Post by Charles Norton on Mar 6, 2011 20:57:37 GMT
I've recently been told that the unofficial archivist of the 'The News Huddlines' is apparently Chris Emmett. So it might be wise to get in touch with him. Steve Arnold might be worth contacting as well. However, I don't think that there are any online guides.
For those who don't know, Steve has been sourcing and returning material to the BBC for the last 15 years, pretty much as long as his website has been online. Steve is an ideal person to contact if you have any recordings full stop, though I am aware that he has some notes on the Huddlines which might well end up as some sort of programme log in the near future.
I stumbled across this website a couple of days ago when browsing "The News Huddlines".
I have recordings of (I believe) every edition of the programme from 1986 through to the end of the series in 2001, plus a few from 1984/5 that I didn't date at the time.
They are currently stored on audio cassette and the quality of the recordings varies in terms of volume and "radio noise", but they are a joy to listen to. I hope to start digitalising the collection soon, in order to preserve the recordings.
I post this as information for anyone that is interested.
Post by Charles Norton on Apr 26, 2011 17:31:45 GMT
Delighted to hear about your tapes.
However, just a word of friendly advice. When you do digitise your tapes, copy to wav files and not Mp3. Mp3 is not a good way to archive material and results in a lot of the original 'information' in a recording being lost.
In recent years a lot of people have started digitising their archives and a lot of stuff is being lost in the conversion to Mp3. When a programme comes up for CD release or something, we sometimes find that people have thrown out their original off-airs and replaced them with these horribly compressed Mp3s, which are often unusable.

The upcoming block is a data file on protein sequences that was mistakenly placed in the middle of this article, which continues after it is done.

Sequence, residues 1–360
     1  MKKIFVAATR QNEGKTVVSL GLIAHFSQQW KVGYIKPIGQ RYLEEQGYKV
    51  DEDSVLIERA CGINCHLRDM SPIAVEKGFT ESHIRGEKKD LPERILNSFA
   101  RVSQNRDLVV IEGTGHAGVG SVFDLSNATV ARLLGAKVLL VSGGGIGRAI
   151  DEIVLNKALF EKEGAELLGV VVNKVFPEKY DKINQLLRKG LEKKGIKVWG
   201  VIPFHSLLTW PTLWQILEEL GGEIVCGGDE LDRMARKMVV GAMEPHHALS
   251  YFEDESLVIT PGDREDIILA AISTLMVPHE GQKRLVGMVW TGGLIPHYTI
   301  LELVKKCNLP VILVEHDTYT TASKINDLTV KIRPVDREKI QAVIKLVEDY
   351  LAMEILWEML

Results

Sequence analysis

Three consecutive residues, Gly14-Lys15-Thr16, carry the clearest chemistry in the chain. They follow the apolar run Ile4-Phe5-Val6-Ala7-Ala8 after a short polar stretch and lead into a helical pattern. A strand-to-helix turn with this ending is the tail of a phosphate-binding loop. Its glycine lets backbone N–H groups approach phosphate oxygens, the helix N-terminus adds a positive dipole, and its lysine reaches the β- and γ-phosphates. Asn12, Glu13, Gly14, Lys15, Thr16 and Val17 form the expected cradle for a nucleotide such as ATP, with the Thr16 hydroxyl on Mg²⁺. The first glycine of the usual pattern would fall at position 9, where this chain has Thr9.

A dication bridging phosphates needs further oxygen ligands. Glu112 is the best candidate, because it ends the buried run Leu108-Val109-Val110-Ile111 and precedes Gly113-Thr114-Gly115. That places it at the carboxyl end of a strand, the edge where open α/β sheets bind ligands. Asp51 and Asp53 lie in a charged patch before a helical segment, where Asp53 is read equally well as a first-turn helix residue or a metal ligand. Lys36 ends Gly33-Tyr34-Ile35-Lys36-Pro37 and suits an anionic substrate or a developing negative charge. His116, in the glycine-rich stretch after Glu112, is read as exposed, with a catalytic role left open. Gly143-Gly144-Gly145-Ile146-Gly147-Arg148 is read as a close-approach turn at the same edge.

I'd like to make a sincere appeal on behalf of the Internet Archive at Archive.org
Quite often, in my experience, the BBC Sound Archive will decline to accept old radio shows, even if offered on the original broadcast medium and thus requiring minimal restoration.
BBC archives has a limited budget, and limited storage space. They also have limited staff, and a limited amount of time in a month for restoring old material, leading them to prioritise items needed for broadcasting, e.g. on 4 Extra. Unless a recording is one which is self-financing (i.e. unless they can sell it commercially, to cover the costs of restoration and storage) they will usually refuse to accept it.
One alternative which has proved useful is the Internet Archive. With most archives, including the BBC, any donated material tends to vanish down a black hole, and never sees the light of day again. With the Internet Archive, however, material donated actually remains accessible to the general public, making it unique as a radio archive.
They accept wav files for upload, and it is by far better to give them the original lossless wav file, rather than a low bitrate mp3. Once converted to mp3, the recording is essentially useless for most purposes, as too much of the data has been thrown away. One common trick with old radio material (originally broadcast in mono) is to encode your tape as a wav recording, then throw away one channel, thus reducing the file size by half, then encode the single remaining channel as a FLAC file, thereby reducing the file size by half again. What you then have is an 80MB file per half hour of audio, instead of a 350 MB file.
You then upload the mono FLAC file, which is much more easily treated: easier to upload, easier to store, easier to download, because it is only a quarter the size of the original stereo wav file. But don't do this with a stereo radio show. All BBC radio was in mono prior to 1973, except some highbrow music on Radio 3. Most drama and scripted comedy was broadcast in mono throughout the 1970s, right up to 1978. It was basically the music stations that went into stereo early on, not the Light Ent shows.
Upload your lost 'News Huddlines' recordings to Archive.org, and thereby share them with the world.
Items which the BBC deems to have no commercial value are items they don't want taking up space in the Sound Archive, but are also items they don't bother about if posted online. Rarely if ever do they object to a show being posted if it's not one of the handful of things like 'The Goon Show', or 'Hancocks Half Hour', etc, for which they still have a market on CD.